Trustees frequently ask us whether they would be personally liable if someone is injured on a course run by a trust where they are a trustee. For example, imagine a youth focussed trust and they employ Jane, she takes a group of children on a hiking trip. During this a child is injured in an accident. Could the parents of the child make a claim against the trust or even the trustees personally? Let’s look at what could happen in New Zealand.
The role of ACC
The accident to the child would most likely be covered by the Accident and Compensation Act 2001 as a personal injury. This means that the parents would be prohibited from bringing independent proceedings against the trust and the trustees. Therefore, trustees are protected from third party claims relating to accidental personal injury where ACC would cover the accident. For more on this see ACC’s guidance here. This would not be the case in other countries where a claim might be possible.
What about WorkSafe?
Trustees may have proceeding brought against them by WorkSafe New Zealand if they find that the trustees breached the Health and Safety at Work Act 2015. This is because the trustees are ultimately in control. WorkSafe may pursue action against trustees if they find the trust failed to ensure, so far as was reasonably practicable, the health and safety of workers and others, such as those attending courses they organise. For example, in 2017, WorkSafe accepted an enforceable undertaking from a Trust Board following its investigation into an accident in which students were injured during a school production. The accident occurred during Saint Kentigern School’s performance of Sweeney Todd when two students were hospitalized after their necks were slit with a sharp shaving razor which was wrapped in duct tape. Despite the numerous incidents there was a failure to report and investigate these incidents. WorkSafe launched an investigation into the incident and concluded that the school failed in its duty to students and the school Trust Board accepted these findings.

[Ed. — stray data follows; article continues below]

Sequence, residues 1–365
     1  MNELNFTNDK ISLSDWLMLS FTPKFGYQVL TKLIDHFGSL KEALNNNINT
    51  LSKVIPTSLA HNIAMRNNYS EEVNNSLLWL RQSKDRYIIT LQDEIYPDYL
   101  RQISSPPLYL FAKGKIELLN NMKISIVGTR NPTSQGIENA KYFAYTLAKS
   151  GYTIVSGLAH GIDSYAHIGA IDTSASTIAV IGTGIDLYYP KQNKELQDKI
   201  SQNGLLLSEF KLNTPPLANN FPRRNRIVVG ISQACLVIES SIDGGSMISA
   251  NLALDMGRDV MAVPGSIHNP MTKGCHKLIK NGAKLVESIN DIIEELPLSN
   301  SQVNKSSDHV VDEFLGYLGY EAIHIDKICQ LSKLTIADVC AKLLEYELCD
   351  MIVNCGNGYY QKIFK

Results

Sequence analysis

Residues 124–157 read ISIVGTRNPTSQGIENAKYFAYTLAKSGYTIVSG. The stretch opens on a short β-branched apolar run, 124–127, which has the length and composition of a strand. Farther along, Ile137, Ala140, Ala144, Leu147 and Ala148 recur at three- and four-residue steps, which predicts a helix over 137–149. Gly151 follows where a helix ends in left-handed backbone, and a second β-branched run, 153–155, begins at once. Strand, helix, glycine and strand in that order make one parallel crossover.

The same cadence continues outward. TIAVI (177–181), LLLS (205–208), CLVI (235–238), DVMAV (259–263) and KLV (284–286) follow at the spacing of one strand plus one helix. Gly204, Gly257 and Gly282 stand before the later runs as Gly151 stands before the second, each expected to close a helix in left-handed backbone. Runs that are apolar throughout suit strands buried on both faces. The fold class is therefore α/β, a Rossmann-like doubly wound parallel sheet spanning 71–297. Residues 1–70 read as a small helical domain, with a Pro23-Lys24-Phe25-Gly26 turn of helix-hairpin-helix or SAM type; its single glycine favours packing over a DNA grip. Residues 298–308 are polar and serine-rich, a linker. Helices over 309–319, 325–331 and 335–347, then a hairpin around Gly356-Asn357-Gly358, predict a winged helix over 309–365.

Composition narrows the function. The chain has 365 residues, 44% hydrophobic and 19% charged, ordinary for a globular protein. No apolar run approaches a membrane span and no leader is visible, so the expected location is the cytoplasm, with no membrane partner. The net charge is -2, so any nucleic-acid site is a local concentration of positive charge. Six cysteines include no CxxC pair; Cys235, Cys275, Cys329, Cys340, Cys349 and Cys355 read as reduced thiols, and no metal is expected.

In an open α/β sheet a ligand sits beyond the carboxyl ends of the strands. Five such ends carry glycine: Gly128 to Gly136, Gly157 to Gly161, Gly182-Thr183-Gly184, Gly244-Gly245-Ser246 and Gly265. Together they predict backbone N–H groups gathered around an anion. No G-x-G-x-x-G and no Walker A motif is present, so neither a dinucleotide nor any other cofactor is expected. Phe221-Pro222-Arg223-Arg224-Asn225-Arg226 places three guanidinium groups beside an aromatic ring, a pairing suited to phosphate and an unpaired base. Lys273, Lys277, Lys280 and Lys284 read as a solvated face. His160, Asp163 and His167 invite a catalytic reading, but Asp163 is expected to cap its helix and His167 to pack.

Trustees may be liable if they are found to have breached their duties to ensure the health and safety of those they are responsible for. For more on these issues and the Health and Safety at Work Act 2015, as it applied to PCBU’s (a person conducting a business or undertaking) see our article here. Ultimately it may be wise for trusts to get a specialist Health and Safety advisor to provide guidance in this area.
This article is not a substitute for legal advice and you should contact your lawyer about your specific situation. We would be happy to assist you, please feel free to contact Steven Moe firstname.lastname@example.org